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The dogged search for a neighborhood’s name


The size of San Francisco never changes, because of its geographic location on a peninsula. Yet new neighborhood names continue to be created (NoPa, TenderNob, etc.), to describe places carved from existing locations. There’s one exception, though, south of Market (SoMa) and east of Potrero Hill. That place is Dogpatch.

In Colonial days the Spanish simply called it “Potrero”, which means “field”, or “pasture”, because that’s where cattle for the Mission grazed. The area was highly industrialized by the late 1860s, when it was known as the Central Waterfront. Hills were leveled and shantytowns sprang up to house the workers laboring in the nearby shipyards. Heavy industry dominated this part of town through World War II and beyond.

“This was the most important location of heavy industry in California in the 19th Century,” says Christopher VerPlanck, an architectural historian and preservationist who has surveyed every home and business in this section of town.

VerPlanck also notes that the Dogpatch neighborhood around Third and 22nd Streets has some of the oldest existing homes in San Francisco, dating to the 1870s “because it survived the fires after the 1906 earthquake.”

One would think that such a long-established community would have an equally well-established name. But, one would be wrong.

When VerPlanck first surveyed the neighborhood, he says they called it the Dogpatch survey, “and a lot of realtors and others who were invested in selling property in the area were really quite horrified.”

They never imagined they could convince anyone to pay over half a million dollars for a one-bedroom condo in a place called Dogpatch.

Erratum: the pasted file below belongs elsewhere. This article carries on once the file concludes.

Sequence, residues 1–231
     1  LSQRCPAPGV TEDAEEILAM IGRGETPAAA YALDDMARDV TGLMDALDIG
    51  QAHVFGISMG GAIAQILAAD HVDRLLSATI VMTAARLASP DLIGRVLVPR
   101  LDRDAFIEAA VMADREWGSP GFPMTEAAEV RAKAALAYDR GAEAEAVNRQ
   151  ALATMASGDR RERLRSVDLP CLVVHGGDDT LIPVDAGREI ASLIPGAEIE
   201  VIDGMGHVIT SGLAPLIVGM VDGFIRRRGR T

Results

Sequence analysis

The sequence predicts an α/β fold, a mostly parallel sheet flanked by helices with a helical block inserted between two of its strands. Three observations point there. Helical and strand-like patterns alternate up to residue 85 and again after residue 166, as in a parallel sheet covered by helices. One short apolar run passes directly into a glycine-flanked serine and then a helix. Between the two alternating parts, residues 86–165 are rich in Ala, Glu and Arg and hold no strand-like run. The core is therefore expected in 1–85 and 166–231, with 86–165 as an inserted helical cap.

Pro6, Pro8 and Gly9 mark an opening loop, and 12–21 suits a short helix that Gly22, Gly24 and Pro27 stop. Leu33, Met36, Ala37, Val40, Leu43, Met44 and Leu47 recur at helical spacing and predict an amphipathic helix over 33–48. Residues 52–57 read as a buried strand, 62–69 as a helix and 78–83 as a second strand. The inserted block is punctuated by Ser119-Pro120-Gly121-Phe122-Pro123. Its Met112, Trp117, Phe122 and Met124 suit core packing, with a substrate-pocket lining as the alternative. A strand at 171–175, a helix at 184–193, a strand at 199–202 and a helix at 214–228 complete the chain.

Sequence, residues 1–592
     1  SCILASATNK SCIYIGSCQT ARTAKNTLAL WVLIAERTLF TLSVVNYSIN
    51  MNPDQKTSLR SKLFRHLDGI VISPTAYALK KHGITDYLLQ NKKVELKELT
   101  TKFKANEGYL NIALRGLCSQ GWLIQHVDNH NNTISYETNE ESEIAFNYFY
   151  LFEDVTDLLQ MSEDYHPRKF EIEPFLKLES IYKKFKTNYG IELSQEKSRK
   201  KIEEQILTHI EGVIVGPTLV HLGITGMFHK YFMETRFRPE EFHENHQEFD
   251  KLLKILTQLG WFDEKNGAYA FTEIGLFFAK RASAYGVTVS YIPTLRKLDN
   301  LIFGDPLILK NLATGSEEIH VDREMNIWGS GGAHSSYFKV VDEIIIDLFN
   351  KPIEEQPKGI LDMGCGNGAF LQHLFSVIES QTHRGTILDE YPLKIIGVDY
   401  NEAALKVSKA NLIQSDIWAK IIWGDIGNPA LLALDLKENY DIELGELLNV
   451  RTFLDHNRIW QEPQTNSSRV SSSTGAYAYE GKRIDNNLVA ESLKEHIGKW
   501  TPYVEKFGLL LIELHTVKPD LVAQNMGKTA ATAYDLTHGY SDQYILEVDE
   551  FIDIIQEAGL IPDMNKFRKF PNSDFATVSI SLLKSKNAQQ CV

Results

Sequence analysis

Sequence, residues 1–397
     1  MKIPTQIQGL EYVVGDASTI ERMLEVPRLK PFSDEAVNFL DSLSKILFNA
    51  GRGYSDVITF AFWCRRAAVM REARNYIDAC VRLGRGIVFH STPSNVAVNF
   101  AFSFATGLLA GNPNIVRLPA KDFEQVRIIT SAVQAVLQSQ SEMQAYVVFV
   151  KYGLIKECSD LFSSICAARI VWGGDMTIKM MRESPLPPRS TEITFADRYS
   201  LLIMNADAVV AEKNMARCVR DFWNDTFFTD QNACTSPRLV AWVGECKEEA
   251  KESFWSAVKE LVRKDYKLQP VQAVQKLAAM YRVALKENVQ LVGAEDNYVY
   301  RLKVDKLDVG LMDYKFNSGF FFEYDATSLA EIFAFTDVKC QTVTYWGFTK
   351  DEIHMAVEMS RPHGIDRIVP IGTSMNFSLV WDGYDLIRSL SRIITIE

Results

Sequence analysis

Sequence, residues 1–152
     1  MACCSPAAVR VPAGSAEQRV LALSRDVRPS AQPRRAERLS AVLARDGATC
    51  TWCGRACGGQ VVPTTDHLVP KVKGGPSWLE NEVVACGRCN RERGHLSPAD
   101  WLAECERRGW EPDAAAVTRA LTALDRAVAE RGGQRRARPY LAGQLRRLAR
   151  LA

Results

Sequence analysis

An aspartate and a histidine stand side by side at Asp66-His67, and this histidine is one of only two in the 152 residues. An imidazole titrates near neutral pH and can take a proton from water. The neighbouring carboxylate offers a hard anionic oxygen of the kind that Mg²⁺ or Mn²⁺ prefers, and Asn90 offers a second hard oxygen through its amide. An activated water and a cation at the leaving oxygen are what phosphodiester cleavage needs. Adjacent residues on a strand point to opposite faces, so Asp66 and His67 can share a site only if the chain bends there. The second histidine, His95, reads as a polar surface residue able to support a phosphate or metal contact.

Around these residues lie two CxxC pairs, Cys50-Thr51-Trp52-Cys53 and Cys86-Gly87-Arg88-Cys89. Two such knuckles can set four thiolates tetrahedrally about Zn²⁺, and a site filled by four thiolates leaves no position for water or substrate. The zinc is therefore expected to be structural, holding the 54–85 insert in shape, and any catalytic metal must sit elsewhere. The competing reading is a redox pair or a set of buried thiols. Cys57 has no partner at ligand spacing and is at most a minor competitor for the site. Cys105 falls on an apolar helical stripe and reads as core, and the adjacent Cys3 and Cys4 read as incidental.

Those earlier inhabitants probably didn’t bother to call the place anything special; “Third  and 22nd,” the main intersection, seemed to do well enough. It was a transient community where such niceties were left to others.

The Dogpatch name probably came from outsiders, people not living there. The earliest printed reference that VerPlanck found was in a newspaper from around 1940.

VerPlanck sees only one likely source, and an unexpected one at that: “My sense is that the origin of this name was from the comic strip, “Li’l Abner.” The community where these hillbilly characters lived was called Dogpatch.

“What I was told,” he says, “was that the name referred to a particular block of Tennessee Street; it was unpaved, it was a dead end, and was where a lot of Dust Bowl workers lived.”

Dustbowl refugees – “actually my ancestors,” adds VerPlanck – were drawn to the factory jobs, which they saw as better than field work in central California.

If you can’t picture the original residents of Dogpatch, with their bare feet, patched overalls and moonshine, just think of the better-known “Beverly Hillbillies” TV series from the 1960s. All of the main characters were clearly inspired by the “L’il Abner” comic. That strip began in 1934 and became extremely popular in a few years – right around the time VerPlanck found that newspaper reference to San Francisco’s own woe-begotten southeastern corner.

The area was largely African-American by the 1950s, and they didn’t use the term, VerPlanck says, because Dogpatch was a derogatory term for a poor white neighborhood.

“A lot of older black residents I talked to called the area simply ‘Lower Potrero’, ‘The Potrero’. Or some people actually called it ‘22nd and Third’.”

Now that population is largely gone, and current residents try to fight, or adapt to, the rapidly rising home prices in this once dirt-poor neighborhood.